To illustrate the integration of DSaS with Skyral, we’ve generated a visualisation of a highly complex synthetic environment modelled on Taiwan and involving a simulated disinformation campaign. In this example, Skyral uses data processed through DSaS for richer, more rigorous modelling and simulation that enables planners and analysts to explore potential future scenarios. In so doing, their course of action analysis is more effective, enabling faster and better-informed decision making.
Virtual world experimentation for real world application: disinformation in Taiwan
Positive or negative sentiment can make or break an actor’s chance of success. It has load-bearing implications for the stability of a nation, so even minor changes in sentiment deserves attention. This means diving into the information domain, as our hypothetical planner does in the below representative scenario.
Image 1: Analyst gains situational awareness based on the indicators and assumption set around identifying disinformation.
Image 2: Based on priorities proposed using AI, the commander requests augmented decision support that could mitigate the disinformation operations
Given the importance of sentiment, it comes as no surprise to our planner that they receive a request from their commander, prompted by DSaS, to investigate an uptick in information operations targeted at a senior Tawainese politician. The planner is to produce a recommended course of action to support positive sentiment towards the politician. So they pour a fresh coffee, boot up the Skyral-powered synthetic environment and get to work.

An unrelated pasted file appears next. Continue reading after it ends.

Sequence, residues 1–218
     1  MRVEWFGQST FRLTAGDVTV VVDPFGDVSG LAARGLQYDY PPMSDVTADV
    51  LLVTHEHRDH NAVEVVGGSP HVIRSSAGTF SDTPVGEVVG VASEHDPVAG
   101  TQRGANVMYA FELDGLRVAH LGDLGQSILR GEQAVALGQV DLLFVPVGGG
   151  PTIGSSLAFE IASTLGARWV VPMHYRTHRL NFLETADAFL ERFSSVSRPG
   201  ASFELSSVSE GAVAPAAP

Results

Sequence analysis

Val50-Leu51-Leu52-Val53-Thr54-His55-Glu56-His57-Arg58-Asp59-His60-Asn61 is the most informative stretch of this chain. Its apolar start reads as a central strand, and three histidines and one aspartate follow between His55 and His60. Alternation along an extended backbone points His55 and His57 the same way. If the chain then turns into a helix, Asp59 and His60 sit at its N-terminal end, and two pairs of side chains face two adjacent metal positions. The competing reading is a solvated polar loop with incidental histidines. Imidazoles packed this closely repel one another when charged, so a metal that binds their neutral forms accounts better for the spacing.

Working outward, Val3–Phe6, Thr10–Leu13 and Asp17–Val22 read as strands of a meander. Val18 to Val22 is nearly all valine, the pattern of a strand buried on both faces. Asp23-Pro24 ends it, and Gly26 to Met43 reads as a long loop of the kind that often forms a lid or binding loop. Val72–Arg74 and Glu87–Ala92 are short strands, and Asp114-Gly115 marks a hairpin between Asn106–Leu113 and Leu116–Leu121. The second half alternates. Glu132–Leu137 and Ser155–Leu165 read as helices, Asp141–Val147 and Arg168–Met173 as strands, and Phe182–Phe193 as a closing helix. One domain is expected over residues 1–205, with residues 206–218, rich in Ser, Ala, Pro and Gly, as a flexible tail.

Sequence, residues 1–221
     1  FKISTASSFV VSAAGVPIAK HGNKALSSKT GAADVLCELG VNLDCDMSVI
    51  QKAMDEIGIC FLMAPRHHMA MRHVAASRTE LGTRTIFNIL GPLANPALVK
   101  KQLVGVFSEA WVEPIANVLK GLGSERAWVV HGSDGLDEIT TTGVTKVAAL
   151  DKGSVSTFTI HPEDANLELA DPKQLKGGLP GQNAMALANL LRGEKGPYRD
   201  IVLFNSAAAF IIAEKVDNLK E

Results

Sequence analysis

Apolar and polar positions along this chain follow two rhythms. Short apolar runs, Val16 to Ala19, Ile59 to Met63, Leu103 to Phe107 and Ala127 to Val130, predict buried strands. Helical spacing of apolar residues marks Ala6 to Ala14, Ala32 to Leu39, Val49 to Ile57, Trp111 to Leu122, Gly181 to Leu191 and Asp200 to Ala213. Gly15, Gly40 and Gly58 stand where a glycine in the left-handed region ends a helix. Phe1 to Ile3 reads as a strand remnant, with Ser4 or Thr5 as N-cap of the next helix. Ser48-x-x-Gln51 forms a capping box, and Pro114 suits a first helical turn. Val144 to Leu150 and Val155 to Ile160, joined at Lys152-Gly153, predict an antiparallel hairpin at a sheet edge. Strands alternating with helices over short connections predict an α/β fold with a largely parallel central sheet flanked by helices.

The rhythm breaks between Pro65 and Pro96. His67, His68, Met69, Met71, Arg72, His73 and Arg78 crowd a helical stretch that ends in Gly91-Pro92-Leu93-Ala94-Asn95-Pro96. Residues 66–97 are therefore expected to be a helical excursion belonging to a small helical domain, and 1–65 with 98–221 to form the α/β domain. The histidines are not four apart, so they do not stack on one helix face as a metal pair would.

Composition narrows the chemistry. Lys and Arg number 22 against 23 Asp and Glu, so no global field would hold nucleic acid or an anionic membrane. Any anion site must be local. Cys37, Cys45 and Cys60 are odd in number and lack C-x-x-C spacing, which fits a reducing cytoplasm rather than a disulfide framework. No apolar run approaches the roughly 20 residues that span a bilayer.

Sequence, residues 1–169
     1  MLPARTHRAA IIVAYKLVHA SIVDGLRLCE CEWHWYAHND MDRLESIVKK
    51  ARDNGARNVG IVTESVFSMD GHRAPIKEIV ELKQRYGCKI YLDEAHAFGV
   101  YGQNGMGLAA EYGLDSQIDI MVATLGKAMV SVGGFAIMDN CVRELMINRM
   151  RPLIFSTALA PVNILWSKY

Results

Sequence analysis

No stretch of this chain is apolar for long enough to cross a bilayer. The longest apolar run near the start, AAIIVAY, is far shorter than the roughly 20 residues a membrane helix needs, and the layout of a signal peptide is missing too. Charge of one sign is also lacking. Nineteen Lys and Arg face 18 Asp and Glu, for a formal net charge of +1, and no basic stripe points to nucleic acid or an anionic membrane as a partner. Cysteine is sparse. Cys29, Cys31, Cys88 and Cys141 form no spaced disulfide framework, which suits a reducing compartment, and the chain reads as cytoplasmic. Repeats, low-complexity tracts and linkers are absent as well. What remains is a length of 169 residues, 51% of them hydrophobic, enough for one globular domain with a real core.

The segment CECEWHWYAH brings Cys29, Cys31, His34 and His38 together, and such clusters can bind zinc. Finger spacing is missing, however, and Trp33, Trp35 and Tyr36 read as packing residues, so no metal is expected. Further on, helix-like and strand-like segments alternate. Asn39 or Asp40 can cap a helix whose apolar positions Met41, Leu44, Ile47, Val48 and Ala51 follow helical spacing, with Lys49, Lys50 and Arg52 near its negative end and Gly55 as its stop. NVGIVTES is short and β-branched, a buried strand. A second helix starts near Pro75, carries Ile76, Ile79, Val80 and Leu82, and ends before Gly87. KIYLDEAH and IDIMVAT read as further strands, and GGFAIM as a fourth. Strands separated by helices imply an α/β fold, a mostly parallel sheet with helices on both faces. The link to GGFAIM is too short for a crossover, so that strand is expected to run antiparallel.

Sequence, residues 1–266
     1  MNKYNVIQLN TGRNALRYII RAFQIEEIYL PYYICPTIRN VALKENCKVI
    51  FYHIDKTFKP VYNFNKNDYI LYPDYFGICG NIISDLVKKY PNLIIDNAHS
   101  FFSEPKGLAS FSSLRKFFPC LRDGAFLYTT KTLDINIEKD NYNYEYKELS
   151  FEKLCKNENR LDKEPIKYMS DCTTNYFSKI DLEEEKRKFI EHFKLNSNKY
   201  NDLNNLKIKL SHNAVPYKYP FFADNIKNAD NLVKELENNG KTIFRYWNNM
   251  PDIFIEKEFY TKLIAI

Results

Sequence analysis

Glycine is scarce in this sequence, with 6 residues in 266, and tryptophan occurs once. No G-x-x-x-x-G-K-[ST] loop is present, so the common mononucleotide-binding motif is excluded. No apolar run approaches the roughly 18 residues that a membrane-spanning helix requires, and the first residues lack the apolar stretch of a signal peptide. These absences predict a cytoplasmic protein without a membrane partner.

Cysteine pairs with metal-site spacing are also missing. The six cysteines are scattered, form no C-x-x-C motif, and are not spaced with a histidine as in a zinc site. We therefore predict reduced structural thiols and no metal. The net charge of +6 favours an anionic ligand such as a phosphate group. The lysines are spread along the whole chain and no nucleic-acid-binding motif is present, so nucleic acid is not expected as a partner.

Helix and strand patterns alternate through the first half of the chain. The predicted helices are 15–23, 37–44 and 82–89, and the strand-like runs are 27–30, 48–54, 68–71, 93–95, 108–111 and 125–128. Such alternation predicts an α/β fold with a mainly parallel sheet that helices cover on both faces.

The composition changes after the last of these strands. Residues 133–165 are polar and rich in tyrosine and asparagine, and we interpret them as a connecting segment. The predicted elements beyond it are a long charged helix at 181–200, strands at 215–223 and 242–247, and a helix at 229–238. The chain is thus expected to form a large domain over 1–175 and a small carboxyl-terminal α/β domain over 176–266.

Image 3: The planner reviews data on sentiment hotspots and social sentiments ingested and visualised using Skyral tools.
Image 4: They configure an experiment to run using Skyral, which simulates how news about the Taiwanese president spreads under different conditions.
Image 5: An experiment report is generated using Skyral’s analysis tools to understand the impact of this news on different groups in the population.